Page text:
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Mac-427

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  1. I'm happy with the cover available on the Chevrolet accessory site.
  2. I had Katzkin heated leather seats installed in my 2020 Custom before I picked it up from the dealer. They work as well as any factory heated seats I've owned in previous vehicles.
  3. In addition to an air bag, modern cars and trucks have crushable steering columns as a safety feature to prevent the driver from being "speared" in a head on collision. Hopefully the use of an air chisel has not affected the column's ability to collapse in a wreck. Rather than using a washer to fix the problem, you might want to get the column checked out by a professional.
  4. Please report results as many of us are interested in what happened at the Dealer.
  5. The problem with using a screw extractor is the chance of breaking it. If that happens, drilling will be impossible because screw extractors are made of extremely hard steel and won't drill.
  6. If the bolt was soft enough to round out, cobalt bits might work.
  7. Brand new cobalt bits might work. I'd start small to get a pilot hole and work up to a bit very slightly larger than the threaded portion of the bolt to get the head to pop off. Then you can pull the steering wheel. With the wheel out of the way, you might be able to double nut the exposed threaded portion of the bolt and get it out. I'd use jam nuts because they are thinner. Drilling will probably heat the bolt enough to break the grip of the thread locker. It might even come out quite easily with a vise grip because it will no longer be torqued. Drill slowly and use a small amount of cutting oil on the bits as you drill, but not so much that it slings all over the place. I'd be a little worried about welding inside the truck but that also might work with proper protection. Disclaimer: I honestly don't remember if the steering wheel retention bolt is fully threaded all the way to the head. For this approach to work you'll need enough exposed threads to allow the double nuts to grip.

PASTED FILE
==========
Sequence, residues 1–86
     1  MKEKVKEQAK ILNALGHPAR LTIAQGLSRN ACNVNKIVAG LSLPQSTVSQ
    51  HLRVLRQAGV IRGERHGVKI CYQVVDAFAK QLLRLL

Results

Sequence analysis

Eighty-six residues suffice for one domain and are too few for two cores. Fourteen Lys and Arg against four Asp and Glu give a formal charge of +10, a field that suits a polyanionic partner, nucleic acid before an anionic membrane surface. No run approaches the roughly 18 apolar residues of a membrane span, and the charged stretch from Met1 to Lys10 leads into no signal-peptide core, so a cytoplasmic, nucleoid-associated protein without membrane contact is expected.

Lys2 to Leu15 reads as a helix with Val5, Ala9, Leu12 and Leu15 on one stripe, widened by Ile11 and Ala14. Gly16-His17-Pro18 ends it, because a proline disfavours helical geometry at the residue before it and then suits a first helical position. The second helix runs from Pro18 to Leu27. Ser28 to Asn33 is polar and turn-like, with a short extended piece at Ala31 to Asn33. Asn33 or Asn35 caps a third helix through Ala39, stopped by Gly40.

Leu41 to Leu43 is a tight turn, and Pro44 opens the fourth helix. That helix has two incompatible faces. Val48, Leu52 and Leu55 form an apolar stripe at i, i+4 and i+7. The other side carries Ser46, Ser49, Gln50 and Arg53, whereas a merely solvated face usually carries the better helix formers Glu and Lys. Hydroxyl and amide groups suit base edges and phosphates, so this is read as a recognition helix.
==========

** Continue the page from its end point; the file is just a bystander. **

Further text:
8. Did you use a T45 Torx bit? If you did, change to a T50. which is the correct size. Then heat the bolt and bump it with an impact wrench until it starts to move. Don't hammer it, use short bursts. It is very easy to think a T45 will work because it almost fits. Don't ask me how I know. LOL
  9. I just noticed the "Bracket" as the part intended to mount the Assist Handle. On my 2020 Silverado Custom, I took a different approach by installing 8mm Nutserts in the two rearmost mounting holes rather than using the "Bracket." So my handle is mounted using 3 8mm bolts. The mounted handle is very solid using this approach so I can't see changing anything at this point.
  10. The graphics are nice but not absolutely necessary. I was more interested in the steering wheel audio and phone controls because I consider them a safety issue.
  11. I ended up using 8mm Nut Serts on the two unthreaded holes to match the 8mm threaded hole and they worked fine. It's strange because the all the GM parts websites said the lever didn't fit my 2020 Silverado 1500 Custom while it did fit the GMC 1500. My guess is that the Silverado has two unthreaded holes while the GMC has all three threaded. Bottom line: The lever will fit Silverado trucks but you have to use Nut Serts on two of the mounting holes. Accordingly, I bought a kit from Amazon that worked well and will be a great help in future projects. https://www.amazon.com/gp/product/B081GDRTXP/ref=ppx_yo_dt_b_asin_title_o00_s00?ie=UTF8&psc=1
  12. I got my GM assist handle today. The part number is 84726114 and it is described as an "F-HANDLE." I checked fit and the holes in my truck bed line up, but two of them are unthreaded. I'm going to hit the hardware store tomorrow but would appreciate knowing what to use on the unthreaded holes to secure the handle.
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